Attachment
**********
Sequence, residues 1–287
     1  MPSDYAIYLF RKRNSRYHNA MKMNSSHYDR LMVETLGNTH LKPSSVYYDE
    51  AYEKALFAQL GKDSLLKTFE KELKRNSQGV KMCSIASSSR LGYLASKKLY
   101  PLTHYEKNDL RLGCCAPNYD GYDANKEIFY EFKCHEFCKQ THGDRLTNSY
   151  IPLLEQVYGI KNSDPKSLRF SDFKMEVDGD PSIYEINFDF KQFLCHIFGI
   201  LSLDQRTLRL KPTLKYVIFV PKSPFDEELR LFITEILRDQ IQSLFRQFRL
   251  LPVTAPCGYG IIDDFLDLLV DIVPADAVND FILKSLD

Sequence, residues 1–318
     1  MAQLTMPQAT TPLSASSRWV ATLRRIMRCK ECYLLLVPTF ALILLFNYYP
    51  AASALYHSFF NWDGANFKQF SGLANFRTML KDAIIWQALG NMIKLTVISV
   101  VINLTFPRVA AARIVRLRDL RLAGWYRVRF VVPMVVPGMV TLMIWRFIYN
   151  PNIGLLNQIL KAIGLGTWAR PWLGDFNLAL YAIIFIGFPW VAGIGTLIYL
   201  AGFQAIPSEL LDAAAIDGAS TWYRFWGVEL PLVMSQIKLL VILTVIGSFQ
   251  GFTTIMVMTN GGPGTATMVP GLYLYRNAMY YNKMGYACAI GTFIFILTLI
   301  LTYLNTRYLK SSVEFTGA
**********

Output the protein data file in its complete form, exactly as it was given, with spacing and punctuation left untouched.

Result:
Sequence, residues 1–287
     1  MPSDYAIYLF RKRNSRYHNA MKMNSSHYDR LMVETLGNTH LKPSSVYYDE
    51  AYEKALFAQL GKDSLLKTFE KELKRNSQGV KMCSIASSSR LGYLASKKLY
   101  PLTHYEKNDL RLGCCAPNYD GYDANKEIFY EFKCHEFCKQ THGDRLTNSY
   151  IPLLEQVYGI KNSDPKSLRF SDFKMEVDGD PSIYEINFDF KQFLCHIFGI
   201  LSLDQRTLRL KPTLKYVIFV PKSPFDEELR LFITEILRDQ IQSLFRQFRL
   251  LPVTAPCGYG IIDDFLDLLV DIVPADAVND FILKSLD

Sequence, residues 1–318
     1  MAQLTMPQAT TPLSASSRWV ATLRRIMRCK ECYLLLVPTF ALILLFNYYP
    51  AASALYHSFF NWDGANFKQF SGLANFRTML KDAIIWQALG NMIKLTVISV
   101  VINLTFPRVA AARIVRLRDL RLAGWYRVRF VVPMVVPGMV TLMIWRFIYN
   151  PNIGLLNQIL KAIGLGTWAR PWLGDFNLAL YAIIFIGFPW VAGIGTLIYL
   201  AGFQAIPSEL LDAAAIDGAS TWYRFWGVEL PLVMSQIKLL VILTVIGSFQ
   251  GFTTIMVMTN GGPGTATMVP GLYLYRNAMY YNKMGYACAI GTFIFILTLI
   301  LTYLNTRYLK SSVEFTGA